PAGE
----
amy: I always pre-baked tart shells, unless they’re going to be filled with fruit filling and topped with crust, like my Easy Jam Tart.

    Carey: Glad you’re enjoying the book on the e-reader. I don’t have one, yet, but I do hope to get one in the future.

  • I love lemon tart and it is a favourite dessert of many. Although I never made it the way you made it as lemon curd tart which looks very nice indeed. Mine are usually based on a custard type filling, although they are a bit fiddly to cook. I think the essence of a good lemon tart is that it not only has to taste good, but it should also look smooth and mirror like when it comes to the table and yours just is gorgeous in that respect. Love your site. Excellent and informative.

  • Lemon curd freezes beautifully and thawing can be hastened in lukewarm water. With one of Paule’s “noisette” shells pre-baked, one can make tarte au citron practically for breakfast.

  • I made this tart yesterday for a dinner with 2 other couples to plan our trip to France for next Spring. It was a HUGE hit. My tart shell was not quite as golden as yours – probably b/c it wasn’t spread as evenly so some parts were darker than others but no one seemed to mind and it was gone in a flash. This recipe is in the ‘keeper’ file.

  • Love the photography…especially shooting the tart half on and half off the counter with the furthest rim blurred. Very nice.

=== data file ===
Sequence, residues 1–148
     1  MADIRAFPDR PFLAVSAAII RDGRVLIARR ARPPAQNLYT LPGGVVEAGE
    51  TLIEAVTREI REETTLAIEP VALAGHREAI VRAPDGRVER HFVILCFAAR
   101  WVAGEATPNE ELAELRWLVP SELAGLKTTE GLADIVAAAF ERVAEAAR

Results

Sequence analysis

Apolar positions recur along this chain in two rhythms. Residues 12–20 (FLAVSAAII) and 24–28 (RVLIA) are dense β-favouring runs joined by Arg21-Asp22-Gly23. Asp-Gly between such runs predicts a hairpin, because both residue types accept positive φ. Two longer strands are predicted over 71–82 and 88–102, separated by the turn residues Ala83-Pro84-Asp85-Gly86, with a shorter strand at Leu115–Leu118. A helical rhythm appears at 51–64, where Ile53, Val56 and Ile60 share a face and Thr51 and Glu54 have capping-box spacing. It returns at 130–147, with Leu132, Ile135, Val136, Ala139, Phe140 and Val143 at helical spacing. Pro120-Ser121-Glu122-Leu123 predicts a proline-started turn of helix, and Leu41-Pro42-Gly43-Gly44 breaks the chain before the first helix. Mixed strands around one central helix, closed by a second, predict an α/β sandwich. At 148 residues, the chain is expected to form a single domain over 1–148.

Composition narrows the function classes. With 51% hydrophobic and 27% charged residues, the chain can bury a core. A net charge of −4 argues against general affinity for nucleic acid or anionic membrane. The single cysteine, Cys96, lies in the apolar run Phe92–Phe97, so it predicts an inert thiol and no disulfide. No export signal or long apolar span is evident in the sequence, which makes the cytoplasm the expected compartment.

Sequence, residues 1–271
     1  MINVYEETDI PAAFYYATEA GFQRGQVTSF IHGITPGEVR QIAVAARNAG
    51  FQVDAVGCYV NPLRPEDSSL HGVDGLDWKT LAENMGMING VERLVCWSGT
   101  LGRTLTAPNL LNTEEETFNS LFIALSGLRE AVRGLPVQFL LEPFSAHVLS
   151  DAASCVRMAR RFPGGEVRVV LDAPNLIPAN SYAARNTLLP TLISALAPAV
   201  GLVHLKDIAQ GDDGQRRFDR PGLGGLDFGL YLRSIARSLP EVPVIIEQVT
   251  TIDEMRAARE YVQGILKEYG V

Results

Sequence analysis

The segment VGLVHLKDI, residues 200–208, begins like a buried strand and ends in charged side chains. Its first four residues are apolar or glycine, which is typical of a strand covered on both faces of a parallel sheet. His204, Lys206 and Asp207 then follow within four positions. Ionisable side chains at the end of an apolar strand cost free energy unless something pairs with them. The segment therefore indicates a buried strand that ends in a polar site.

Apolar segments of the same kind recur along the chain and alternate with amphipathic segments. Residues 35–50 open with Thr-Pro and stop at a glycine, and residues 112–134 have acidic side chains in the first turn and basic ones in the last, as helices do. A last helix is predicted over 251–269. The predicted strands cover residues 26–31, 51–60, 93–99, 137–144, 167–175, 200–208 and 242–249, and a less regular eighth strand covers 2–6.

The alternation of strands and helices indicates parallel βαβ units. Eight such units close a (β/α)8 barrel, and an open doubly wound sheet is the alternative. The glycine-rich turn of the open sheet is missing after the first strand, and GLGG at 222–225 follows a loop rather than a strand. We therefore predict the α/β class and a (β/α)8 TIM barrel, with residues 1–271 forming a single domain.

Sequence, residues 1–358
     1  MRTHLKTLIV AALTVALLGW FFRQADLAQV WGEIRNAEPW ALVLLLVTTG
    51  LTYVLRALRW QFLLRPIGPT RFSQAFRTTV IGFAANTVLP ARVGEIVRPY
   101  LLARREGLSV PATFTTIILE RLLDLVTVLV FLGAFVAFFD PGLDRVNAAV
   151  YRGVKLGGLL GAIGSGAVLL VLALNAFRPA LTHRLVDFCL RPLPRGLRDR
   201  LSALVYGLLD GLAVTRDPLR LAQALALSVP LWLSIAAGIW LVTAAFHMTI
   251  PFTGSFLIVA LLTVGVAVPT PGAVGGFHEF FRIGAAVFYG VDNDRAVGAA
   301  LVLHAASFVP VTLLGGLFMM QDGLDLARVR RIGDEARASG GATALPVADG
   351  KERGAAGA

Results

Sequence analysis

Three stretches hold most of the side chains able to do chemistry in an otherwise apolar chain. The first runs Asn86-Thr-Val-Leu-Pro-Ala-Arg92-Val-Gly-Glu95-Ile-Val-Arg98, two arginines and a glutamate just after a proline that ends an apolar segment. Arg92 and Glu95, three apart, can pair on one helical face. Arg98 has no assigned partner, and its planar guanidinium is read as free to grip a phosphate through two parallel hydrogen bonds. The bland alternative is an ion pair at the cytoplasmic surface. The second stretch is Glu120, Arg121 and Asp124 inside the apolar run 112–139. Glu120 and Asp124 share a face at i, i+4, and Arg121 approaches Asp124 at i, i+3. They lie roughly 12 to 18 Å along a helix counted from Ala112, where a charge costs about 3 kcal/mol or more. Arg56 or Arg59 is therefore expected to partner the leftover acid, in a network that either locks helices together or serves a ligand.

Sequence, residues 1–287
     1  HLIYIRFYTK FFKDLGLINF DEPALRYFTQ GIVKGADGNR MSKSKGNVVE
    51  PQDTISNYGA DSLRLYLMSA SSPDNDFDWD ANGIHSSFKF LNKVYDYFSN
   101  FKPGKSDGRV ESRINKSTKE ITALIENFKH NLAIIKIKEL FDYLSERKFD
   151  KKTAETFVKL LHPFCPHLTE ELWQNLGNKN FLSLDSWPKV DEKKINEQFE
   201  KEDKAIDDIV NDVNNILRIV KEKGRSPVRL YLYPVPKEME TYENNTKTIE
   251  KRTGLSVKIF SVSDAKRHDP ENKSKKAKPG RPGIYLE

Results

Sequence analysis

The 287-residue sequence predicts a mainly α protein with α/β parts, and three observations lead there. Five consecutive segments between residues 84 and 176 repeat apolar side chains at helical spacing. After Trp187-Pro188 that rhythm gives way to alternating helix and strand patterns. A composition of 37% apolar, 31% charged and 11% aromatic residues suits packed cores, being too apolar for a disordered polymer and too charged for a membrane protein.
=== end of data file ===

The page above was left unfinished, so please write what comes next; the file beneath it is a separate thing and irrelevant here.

• I am not much of a baker………..but, the simplicity of the recipe piqued my interest enough to give it a try. It was quick, simple, and delicious. I even bought a tart pan so I could try it out. Have since made an apple tart (Jacque Pepin’s recipe), but using this pie crust, and it came out great. Great recipe……….and, I love the blog.

  • Thanks for the kind answer, David, and the pointer to the chocolate coconut macaroons. I’ll have to try those – along with the tart, which with any luck I’ll be making this weekend. I’m a new reader, but I’m really enjoying the blog. I love angel food cake with berries, too.

    @ila: Tarte au citron for breakfast! Now I know I’m among my people.

  • This is a wonderful blog, David. Thanks for sharing your gifts with us. Would you consider exploring some recipes of those delicious French jams I have pined for over the past ten years?

  • I just LOVE lemon tarts. This looks wonderful!

  • Mmm. This looks delish! I have made double the amount of lemon curd, and am pleased to know it can be frozen. It came out very light and creamy coloured, sadly not as darkly lemony as yours-any tips?